Perhaps unsurprisingly given the hostile mountainous terrain, the early influence of humans on Lochaber’s landscape was minimal and there is relatively little evidence of ancient sites – one of the few examples is the Iron Age fort of Dun Deardail above Glen Nevis.
A number of place names in the region have Pictish origins, unusual for the West of Scotland when the influence of the Picts was so much greater in North East Scotland. Lochaber itself means ‘Area of the Loch Confluence’, probably referring to the meeting of Loch Eil and Loch Linnhe, while the Norse influence can also be seen in names like Mallaig and Arisaig. However, the dominant language and culture was Gaelic and the majority of river, loch and mountain designations stem from this poetic tongue.
In recent centuries, crofting and fishing have been important in building communities such as Arisaig, Mallaig and many of the tiny settlements along the peninsulas of Ardgour and Ardnamurchan.
Early industry has also had a part to play. The village of Strontian, on the banks of Loch Sunart, developed through mining during the 18th century and the slate quarries at Ballachulish roofed many of Scotland’s buildings while the aluminium smelters at both Fort William and Kinlochleven exploited the local landscape.
Today, Lochaber’s landscape is still central to its popularity and economic success. Low-level and mountain walking are complemented by the long-distance walking routes, the West Highland Way and the Great Glen Way, both of which start or finish within its boundaries.
Cycling, sailing, skiing and wildlife watching are also key outdoor activities and Fort William lies at the heart of the area branded ‘the Outdoor Capital of the UK’. Other villages such as Glencoe, Kinlochleven, Spean Bridge, Kilchoan and Mallaig make excellent bases for exploring different parts of the region.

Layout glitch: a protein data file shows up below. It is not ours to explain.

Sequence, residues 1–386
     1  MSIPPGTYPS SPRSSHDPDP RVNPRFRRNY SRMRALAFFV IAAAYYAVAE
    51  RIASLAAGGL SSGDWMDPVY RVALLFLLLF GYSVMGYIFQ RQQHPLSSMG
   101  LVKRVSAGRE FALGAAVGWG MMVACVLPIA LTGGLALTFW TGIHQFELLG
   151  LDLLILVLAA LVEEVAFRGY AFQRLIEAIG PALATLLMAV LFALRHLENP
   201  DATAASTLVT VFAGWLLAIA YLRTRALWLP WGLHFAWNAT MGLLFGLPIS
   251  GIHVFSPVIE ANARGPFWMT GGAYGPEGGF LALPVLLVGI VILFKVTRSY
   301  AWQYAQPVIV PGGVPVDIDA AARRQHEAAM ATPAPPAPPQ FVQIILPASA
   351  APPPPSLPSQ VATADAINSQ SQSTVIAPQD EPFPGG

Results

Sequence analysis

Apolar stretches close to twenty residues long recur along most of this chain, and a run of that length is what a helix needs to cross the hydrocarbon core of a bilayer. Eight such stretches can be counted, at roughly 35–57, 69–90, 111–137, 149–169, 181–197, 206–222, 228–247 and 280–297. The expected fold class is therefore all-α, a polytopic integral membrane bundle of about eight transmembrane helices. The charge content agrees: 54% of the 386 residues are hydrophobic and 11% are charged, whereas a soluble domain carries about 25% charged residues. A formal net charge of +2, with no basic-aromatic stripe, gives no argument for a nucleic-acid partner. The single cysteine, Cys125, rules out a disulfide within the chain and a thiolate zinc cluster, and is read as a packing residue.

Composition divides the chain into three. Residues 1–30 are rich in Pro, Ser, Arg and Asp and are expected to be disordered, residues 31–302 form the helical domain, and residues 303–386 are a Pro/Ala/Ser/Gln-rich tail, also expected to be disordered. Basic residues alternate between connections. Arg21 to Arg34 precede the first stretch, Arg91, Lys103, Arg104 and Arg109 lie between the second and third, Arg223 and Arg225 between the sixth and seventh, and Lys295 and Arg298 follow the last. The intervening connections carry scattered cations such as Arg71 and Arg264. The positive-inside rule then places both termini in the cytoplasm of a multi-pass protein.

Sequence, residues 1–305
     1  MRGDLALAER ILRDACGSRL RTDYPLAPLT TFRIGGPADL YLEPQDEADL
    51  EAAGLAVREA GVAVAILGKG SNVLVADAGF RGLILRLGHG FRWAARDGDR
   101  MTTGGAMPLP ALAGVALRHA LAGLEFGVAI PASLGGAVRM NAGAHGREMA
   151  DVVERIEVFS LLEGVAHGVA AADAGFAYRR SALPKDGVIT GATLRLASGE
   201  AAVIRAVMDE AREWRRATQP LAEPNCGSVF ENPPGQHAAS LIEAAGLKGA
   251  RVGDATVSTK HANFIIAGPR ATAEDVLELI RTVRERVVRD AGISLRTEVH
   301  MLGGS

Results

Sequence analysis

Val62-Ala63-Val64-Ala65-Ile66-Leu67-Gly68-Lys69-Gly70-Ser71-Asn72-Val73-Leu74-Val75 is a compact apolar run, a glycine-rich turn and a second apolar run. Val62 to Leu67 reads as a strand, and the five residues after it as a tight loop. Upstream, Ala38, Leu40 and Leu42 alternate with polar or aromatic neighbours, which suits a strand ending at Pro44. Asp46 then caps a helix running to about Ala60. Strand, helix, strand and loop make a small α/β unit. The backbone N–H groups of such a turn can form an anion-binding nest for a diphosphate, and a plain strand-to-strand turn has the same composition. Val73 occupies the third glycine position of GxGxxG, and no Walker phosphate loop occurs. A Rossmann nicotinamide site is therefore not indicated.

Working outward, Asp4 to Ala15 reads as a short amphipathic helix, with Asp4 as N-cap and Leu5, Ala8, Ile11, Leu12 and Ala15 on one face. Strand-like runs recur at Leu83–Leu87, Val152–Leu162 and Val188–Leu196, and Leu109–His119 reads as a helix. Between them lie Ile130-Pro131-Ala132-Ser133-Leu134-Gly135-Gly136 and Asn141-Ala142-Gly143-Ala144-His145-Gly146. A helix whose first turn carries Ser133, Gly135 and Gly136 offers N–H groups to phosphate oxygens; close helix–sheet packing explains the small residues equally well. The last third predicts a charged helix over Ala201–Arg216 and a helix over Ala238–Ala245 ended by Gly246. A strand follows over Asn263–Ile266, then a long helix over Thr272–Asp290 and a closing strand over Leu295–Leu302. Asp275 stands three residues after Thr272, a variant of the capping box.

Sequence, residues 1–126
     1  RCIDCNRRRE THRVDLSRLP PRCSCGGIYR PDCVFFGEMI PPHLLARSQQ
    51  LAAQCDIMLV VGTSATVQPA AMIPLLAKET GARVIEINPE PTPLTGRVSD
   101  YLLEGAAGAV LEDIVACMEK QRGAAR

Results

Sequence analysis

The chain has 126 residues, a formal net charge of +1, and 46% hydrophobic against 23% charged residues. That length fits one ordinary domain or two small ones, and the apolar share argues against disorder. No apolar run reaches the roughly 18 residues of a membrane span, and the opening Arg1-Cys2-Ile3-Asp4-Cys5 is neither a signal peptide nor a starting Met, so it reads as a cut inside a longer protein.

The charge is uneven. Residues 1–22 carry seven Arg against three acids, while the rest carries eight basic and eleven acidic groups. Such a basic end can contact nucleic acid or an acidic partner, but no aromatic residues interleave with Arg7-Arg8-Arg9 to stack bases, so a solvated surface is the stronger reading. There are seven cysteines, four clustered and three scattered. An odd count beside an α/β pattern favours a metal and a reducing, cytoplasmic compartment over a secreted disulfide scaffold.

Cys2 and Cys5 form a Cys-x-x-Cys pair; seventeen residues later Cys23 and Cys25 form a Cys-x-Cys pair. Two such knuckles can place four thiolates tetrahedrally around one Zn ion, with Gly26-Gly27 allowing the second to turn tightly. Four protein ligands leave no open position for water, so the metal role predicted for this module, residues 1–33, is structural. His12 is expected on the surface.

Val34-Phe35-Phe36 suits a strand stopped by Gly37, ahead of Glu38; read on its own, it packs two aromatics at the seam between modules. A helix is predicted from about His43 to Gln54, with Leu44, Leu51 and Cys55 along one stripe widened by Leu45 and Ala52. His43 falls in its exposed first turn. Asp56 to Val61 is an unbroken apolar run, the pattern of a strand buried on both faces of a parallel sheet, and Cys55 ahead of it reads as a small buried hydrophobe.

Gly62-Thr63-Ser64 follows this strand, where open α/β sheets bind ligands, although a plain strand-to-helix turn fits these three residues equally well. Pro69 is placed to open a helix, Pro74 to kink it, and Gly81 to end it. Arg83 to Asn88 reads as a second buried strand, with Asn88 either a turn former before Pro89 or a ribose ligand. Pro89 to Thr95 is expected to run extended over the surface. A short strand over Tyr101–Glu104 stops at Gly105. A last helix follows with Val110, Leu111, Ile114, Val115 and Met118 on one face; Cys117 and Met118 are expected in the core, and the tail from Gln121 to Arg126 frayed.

The natural environment
The geology of Lochaber is what makes it such a compelling place in which to walk. For example, much of the western part of the Ardnamurchan Peninsula was formed through volcanic activity – the ancient ring structures that remain have, in particular, drawn geologists from all over the world.
Much of Glen Nevis and Glen Coe were also formed through volcanic activity about 430 million years ago, shaping their iconic peaks. Lochaber’s landform began
to take shape around this time when the two continents of Laurentia (which now makes up much of Canada) and Avalonia (carrying England and part of Northern Europe) collided to form the Great
This extends for 190km from the Moray Firth to the Firth of Lorn at the mouth of Loch Linnhe and contains the deep freshwater lochs of Ness, Oich and Lochy – today all three are linked by the engineering feat of the Caledonian Canal.